“It was not fun to watch,” Mann said more seriously. “It was not fun. It was too heavy. You know when you see a good movie and you’re like, ‘Man that was a great movie.’ You want to see it again? ‘No, not really.’ There are movies like that.”

Mann continued: “I don’t want to make that movie. I want to make a movie that’s really meaningful and when you’re asked, ‘Do you want to see that movie again?’ You say, ‘Yes!’ Because those are my favorite movies. And those are the kinds of movies I want to make. And I did not want to return to that movie with that character. It’s not that funny.”

Shame was also not a real emotion, according to Dr. Dacher Keltner, who helped out the “Inside Out 2” team. “It was like, What are we trying to say?” Deamer said. “Shame is a real thing in life but not everybody goes through that. But anxiety is in all of us. It’s just better. I think it’s a more important thing to talk about than some kind of message about don’t shame yourself. It was preachy. Anxiety, you need it. It’s not 100% bad.”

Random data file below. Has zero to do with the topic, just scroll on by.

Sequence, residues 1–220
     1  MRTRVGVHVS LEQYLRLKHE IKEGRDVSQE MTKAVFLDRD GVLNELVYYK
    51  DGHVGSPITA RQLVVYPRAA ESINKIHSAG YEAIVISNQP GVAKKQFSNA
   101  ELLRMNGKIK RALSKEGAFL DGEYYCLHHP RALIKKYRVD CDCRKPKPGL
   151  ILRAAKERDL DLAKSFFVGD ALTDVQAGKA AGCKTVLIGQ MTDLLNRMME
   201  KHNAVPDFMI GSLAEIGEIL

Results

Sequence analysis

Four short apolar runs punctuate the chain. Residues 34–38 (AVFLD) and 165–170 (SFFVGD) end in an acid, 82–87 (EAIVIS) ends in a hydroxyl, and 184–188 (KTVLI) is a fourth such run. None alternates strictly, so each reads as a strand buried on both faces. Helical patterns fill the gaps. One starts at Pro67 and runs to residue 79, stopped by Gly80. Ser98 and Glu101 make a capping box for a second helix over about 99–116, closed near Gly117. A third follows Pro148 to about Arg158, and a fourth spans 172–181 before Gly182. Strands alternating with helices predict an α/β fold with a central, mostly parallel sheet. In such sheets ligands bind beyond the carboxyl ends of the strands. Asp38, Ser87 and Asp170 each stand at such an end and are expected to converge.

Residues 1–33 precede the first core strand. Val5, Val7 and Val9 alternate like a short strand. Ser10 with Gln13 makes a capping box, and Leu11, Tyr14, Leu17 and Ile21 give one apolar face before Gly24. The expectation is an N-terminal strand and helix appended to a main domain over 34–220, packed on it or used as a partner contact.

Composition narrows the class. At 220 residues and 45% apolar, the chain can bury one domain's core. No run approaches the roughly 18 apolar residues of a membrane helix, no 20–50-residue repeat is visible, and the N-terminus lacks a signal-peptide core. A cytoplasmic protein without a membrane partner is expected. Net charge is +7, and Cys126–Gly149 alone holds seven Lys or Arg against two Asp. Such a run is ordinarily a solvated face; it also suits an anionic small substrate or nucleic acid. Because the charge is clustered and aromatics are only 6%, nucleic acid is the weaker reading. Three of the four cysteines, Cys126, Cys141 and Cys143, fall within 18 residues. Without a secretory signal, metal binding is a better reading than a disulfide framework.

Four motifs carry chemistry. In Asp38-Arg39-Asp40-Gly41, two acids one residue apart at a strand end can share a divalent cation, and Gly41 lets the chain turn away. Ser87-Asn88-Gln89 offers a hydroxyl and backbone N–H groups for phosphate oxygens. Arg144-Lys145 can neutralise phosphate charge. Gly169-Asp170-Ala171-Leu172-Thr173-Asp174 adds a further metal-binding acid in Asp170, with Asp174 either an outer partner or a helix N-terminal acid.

Originally, there were nine new emotions that would bombard Riley’s mind. “I didn’t miss Shame,” Deamer said. “But I did like the design of it.” (One he did miss was Guilt, who was always hiding behind stacks of baggage – get it?)

Not that the character (or at least what the character represented) is entirely gone from “Inside Out 2.”

“There’s elements that are still there. This movie has always been about dealing with the feeling that you’re not good enough,” Deamer said. “And we still have that element, that shame element in there.”

Villainous Tendencies